(2)= Surface configuration (6=RZ bar, 7=XY bar, 13=3-D tri, 16=3-D quad),
(3)= Surface order (1=linear),
(4)= Number of real data values associated with this surface,
(5)= Number of nodes associated with this surface,
(6)= ID number of the element for which this surface is a face,
(7)= ID number of the element face this surface represents,
(8)= Participating media node number for this surface,
(9)= Ambient radiation node number for this surface,
( 10 ) = User ID (UID in Patran Thermal) for material properties,
( 11 ) = Obstruction flag (0=this surface will be checked for obstructing the
view between other surface pairs, not 0= this surface will not be
checked for obstructing the view between other surface pairs.
( 12 ) = Convex Surface ID (surfaces with identical nonzero values here
cannot see each other due to being on the same convex surface,
( 13 ) = Dynamic Flag, Not currently used,
( 14 ) = Patran Set ID,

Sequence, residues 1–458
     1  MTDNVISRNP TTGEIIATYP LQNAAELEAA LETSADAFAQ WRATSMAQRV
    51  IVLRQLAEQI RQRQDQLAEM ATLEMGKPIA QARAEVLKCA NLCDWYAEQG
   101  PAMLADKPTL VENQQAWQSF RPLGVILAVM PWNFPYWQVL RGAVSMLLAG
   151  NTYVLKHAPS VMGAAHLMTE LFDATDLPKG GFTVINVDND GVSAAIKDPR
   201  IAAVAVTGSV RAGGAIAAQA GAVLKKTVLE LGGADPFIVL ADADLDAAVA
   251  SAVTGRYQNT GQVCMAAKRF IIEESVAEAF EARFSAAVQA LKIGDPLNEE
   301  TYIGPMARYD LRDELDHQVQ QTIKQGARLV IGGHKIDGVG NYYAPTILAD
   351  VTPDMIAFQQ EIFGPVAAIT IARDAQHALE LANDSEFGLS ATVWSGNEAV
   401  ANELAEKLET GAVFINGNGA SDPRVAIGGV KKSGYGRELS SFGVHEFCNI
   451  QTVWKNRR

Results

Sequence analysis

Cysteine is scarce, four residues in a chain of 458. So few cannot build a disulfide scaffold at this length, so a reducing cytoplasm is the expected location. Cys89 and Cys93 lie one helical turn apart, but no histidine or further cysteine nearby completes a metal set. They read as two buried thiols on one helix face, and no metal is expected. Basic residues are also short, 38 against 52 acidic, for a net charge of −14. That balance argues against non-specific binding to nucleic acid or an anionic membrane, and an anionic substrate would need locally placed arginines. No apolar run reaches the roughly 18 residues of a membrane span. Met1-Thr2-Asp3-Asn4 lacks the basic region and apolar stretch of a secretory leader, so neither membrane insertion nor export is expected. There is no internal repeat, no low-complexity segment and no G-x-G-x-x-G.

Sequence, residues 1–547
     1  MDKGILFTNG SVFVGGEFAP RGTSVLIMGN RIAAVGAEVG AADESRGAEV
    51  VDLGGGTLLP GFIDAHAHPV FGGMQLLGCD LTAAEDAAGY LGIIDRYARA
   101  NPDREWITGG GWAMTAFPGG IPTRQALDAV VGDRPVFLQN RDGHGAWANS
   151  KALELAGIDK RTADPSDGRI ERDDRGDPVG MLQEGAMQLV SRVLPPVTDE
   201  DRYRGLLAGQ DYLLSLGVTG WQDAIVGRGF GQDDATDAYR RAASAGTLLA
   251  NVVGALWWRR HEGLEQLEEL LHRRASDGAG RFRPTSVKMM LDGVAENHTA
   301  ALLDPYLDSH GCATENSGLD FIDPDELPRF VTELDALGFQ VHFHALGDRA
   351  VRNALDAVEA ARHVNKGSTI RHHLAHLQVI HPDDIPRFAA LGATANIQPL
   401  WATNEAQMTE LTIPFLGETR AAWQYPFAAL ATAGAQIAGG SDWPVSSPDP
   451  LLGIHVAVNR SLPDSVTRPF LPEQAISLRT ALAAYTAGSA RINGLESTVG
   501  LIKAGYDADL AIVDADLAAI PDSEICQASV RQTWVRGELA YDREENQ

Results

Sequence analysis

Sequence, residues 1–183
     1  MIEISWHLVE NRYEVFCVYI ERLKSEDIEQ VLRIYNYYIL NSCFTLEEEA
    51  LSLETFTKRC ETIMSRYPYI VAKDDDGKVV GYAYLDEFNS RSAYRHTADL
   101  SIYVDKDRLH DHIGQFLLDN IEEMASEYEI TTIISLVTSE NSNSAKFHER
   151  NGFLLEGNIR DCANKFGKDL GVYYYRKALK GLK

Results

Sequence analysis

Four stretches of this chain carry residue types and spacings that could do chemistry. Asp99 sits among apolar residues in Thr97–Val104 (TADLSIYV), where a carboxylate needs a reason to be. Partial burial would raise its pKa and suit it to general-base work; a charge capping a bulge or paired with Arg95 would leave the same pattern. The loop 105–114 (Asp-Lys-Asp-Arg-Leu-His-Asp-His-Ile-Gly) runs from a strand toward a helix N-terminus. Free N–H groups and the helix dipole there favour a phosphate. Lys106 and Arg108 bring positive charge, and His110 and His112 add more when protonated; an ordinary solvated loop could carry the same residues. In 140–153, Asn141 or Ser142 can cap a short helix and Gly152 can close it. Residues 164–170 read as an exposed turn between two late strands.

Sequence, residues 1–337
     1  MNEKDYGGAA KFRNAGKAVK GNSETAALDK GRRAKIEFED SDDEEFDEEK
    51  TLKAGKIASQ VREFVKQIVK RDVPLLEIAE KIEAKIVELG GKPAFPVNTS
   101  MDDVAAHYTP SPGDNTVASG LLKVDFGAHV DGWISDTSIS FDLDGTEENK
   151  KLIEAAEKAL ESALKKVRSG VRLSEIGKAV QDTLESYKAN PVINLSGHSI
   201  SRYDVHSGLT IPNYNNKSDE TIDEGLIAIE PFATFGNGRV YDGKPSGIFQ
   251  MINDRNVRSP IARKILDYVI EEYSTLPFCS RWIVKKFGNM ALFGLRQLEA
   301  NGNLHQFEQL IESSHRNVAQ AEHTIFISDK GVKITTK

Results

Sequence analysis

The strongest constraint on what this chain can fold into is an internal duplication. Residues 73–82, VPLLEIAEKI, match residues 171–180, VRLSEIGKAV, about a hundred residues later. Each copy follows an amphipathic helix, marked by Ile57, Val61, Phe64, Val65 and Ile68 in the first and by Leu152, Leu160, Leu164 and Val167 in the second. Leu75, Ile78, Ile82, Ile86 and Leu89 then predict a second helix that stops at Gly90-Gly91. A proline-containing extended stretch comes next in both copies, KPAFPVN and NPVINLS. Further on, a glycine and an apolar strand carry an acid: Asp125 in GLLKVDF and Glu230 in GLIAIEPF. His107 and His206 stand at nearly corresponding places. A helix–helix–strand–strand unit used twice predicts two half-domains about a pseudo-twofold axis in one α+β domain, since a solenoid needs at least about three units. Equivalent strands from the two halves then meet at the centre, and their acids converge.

followed by
( 4 ( E20.10 ) ), ( SurDat( J ) , J = 1, SurAtt( 4 ) )
SurDat Real data associated with the surface (presently none is required);
followed by
( 8 ( I10 ) ), ( SurNod( J ), J = 1, SurAtt( 5 ) )
SurNod List of node IDs associated with the surface and in the order specified for the corresponding Patran
elements.

This pattern is repeated for each surface in the enclosure. Comments may follow the last line of the last surface data.
The next keyword line is $ENDENCL: with no data.

Main Index
Chapter 9: Data File Specifications 139
VFINDAT (Input Data File)

The pattern:

$ENCL: EnclID #Surf


Numeric data
$ENDENCL:

is repeated for any additional enclosures. The number of enclosure data sets should equal the #Encl data from the $SIZE:
line. This is not a fatal error here since discrepancies will not be detected until the enclosures have been processed
(viewfactors calculated). A warning message will be issued and attempts to create resistors for the viewfactor data may
have undesirable results.

$EOF
The last keyword line is $EOF: with no data. Comments may follow the $EOF: line.

Main Index
140 Patran Viewfactor Analysis
VFRAWDAT (Raw Viewfactor Data)

9.3 VFRAWDAT (Raw Viewfactor Data)


The VFRAWDAT file is a FORTRAN Unformatted Sequential Access file. Since this is an unformatted file, its specific